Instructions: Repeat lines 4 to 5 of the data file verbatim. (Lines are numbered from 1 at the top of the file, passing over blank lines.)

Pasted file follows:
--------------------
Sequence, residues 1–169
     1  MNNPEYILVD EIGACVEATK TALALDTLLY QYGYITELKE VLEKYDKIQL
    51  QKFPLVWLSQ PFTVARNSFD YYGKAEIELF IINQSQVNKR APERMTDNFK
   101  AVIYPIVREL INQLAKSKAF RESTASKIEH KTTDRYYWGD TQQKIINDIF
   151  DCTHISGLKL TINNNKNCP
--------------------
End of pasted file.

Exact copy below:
   101  AVIYPIVREL INQLAKSKAF RESTASKIEH KTTDRYYWGD TQQKIINDIF
   151  DCTHISGLKL TINNNKNCP